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COVID-19 Infections in China Surge, Reaching 37 Million in a Single Day

According to a research, as many as 248 million individuals in China got the coronavirus within the first 20 days of December.

According to government estimations, hundreds of millions of individuals in China were likely infected with COVID-19 in the first roughly three weeks of this month.
According to minutes from a National Health Commission internal meeting, as many as 248 million individuals got the coronavirus in the first 20 days of December, Bloomberg News reported on Friday.

According to the minutes, about 37 million people may have been infected on Tuesday. This is a significant increase from the official number of 3,049 illnesses declared by the government that day.

Since the big coronavirus surge began, China has made various modifications to how it records COVID-19 instances and deaths, and it has eased its stringent “zero COVID” goal.

Because the nation no longer counts asymptomatic cases in its official figures, the country’s daily infection toll is a significant underestimate of the real spread. This week, it also revealed its limited definition for COVID-19 deaths, with a Chinese health official stating that the government only registers deaths from pneumonia or respiratory failure.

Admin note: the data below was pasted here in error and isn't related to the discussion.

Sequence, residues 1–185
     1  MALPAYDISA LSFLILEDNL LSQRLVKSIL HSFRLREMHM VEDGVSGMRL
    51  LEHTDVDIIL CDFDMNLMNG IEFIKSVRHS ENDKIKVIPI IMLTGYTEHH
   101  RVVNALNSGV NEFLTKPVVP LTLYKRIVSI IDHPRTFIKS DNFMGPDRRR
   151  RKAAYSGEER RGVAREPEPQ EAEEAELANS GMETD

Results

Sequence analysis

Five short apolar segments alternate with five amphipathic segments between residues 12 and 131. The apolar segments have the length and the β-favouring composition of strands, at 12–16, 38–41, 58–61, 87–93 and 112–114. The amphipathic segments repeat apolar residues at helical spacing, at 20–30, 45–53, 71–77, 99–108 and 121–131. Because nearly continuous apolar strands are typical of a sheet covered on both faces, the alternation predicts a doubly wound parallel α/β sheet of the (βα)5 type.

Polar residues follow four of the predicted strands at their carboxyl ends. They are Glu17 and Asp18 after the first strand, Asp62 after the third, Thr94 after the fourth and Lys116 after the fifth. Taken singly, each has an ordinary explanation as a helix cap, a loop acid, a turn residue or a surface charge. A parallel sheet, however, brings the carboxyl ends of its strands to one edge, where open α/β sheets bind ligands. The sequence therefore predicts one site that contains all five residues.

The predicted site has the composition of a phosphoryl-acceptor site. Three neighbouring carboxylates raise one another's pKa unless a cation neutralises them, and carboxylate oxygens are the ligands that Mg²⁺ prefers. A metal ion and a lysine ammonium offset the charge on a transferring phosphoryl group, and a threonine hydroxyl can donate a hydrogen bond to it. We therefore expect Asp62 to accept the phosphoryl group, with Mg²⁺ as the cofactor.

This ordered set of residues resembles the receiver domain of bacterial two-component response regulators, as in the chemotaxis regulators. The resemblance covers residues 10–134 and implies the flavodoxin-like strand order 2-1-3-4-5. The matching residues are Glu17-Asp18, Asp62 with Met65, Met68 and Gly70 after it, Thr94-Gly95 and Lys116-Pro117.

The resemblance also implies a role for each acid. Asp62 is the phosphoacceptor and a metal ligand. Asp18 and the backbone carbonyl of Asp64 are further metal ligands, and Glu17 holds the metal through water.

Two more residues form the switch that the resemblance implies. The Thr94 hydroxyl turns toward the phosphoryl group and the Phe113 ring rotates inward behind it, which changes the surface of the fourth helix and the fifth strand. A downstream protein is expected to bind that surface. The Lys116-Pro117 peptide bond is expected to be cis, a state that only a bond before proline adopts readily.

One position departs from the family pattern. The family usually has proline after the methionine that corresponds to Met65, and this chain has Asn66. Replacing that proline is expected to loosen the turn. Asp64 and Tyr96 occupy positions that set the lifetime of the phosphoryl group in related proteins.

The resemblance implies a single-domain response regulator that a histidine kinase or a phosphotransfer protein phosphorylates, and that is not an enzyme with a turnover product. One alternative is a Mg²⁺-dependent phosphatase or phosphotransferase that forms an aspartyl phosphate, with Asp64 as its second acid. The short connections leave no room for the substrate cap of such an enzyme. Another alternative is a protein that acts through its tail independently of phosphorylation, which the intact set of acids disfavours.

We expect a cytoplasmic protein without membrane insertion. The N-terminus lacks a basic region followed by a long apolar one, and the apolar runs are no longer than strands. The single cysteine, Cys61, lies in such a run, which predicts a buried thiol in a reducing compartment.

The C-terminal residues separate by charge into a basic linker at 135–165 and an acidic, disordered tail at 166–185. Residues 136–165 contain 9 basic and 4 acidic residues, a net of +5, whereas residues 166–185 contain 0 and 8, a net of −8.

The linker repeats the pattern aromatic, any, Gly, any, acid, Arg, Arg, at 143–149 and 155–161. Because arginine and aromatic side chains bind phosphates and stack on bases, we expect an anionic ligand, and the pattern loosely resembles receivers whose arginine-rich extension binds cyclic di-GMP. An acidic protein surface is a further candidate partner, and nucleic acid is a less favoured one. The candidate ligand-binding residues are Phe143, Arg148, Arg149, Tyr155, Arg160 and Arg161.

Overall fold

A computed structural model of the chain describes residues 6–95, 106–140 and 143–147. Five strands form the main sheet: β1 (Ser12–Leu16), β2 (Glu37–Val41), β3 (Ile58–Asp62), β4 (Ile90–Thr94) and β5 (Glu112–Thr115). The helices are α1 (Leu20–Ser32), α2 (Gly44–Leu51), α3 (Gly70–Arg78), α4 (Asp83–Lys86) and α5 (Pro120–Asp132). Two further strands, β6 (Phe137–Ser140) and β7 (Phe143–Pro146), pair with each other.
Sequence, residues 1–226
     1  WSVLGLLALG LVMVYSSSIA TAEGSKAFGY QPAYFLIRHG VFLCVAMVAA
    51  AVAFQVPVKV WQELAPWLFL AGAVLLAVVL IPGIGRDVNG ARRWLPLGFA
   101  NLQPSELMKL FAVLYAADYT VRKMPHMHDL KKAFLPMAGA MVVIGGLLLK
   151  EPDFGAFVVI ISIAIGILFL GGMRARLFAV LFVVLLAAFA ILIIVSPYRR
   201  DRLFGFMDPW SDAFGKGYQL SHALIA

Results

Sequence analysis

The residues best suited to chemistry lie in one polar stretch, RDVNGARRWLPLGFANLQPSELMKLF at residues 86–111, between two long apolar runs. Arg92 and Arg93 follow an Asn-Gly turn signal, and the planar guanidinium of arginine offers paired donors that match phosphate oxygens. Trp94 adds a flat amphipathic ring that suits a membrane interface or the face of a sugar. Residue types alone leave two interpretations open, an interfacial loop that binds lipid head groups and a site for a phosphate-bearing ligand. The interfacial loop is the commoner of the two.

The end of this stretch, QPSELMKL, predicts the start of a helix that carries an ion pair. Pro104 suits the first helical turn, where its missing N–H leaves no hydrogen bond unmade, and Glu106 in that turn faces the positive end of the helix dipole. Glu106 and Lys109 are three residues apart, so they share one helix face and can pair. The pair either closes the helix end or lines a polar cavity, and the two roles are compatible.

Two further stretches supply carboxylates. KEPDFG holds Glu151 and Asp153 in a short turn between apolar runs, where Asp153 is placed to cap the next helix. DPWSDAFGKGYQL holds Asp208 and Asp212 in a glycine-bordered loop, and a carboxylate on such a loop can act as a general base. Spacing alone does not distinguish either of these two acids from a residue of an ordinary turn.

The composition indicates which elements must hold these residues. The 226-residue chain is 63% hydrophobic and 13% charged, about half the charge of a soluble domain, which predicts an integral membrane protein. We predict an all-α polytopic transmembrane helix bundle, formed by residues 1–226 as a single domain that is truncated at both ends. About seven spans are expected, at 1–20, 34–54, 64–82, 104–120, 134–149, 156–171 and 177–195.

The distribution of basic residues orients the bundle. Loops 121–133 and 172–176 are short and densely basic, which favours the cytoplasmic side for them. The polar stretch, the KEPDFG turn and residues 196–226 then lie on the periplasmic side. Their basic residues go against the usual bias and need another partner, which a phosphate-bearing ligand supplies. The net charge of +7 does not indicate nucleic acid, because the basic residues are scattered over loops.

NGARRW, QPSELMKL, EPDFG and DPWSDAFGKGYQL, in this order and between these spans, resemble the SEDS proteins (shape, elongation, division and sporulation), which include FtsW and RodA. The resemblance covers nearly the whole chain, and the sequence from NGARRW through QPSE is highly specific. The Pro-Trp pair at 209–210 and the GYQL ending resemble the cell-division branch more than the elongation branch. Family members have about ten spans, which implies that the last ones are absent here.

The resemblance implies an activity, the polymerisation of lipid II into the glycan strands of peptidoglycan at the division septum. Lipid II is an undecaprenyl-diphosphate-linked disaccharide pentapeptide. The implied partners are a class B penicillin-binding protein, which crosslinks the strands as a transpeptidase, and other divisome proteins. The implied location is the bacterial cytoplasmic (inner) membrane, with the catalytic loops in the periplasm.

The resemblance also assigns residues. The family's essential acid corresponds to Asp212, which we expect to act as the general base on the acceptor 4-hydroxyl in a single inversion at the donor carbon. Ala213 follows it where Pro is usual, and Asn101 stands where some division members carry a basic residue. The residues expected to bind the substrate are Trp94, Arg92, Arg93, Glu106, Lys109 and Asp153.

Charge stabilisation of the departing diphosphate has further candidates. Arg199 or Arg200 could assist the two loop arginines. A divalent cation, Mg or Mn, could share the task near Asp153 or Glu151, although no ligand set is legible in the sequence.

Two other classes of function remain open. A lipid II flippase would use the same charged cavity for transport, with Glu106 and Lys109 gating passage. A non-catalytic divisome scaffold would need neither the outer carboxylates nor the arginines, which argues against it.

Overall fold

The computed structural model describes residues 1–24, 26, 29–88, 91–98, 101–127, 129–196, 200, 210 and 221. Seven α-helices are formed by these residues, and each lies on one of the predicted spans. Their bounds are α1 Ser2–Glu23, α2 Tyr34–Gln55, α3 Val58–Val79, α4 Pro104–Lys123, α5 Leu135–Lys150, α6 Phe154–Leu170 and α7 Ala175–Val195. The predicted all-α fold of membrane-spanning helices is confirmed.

The official COVID-19 death toll in China is over 5,200. Throughout the epidemic, the country’s low reporting rate has been called into doubt.

Such a definition, according to public health experts, including those at the World Health Organization, is excessively limited.

“People who die with COVID die from several distinct (organ) system breakdowns,” WHO’s Mike Ryan stated during a press briefing on Wednesday. “As a result, restricting a COVID-related mortality diagnosis to someone with a COVID-positive test and respiratory failure dramatically underestimates the real COVID death toll.”

During the press conference, WHO Director-General Tedros Adhanom Ghebreyesus stated that the agency requires additional information from China on the severity of its cases, particularly information on hospital and critical care unit admissions.

“The WHO is quite worried about the changing situation in China, which is seeing an increase in reports of serious sickness,” Tedros added.

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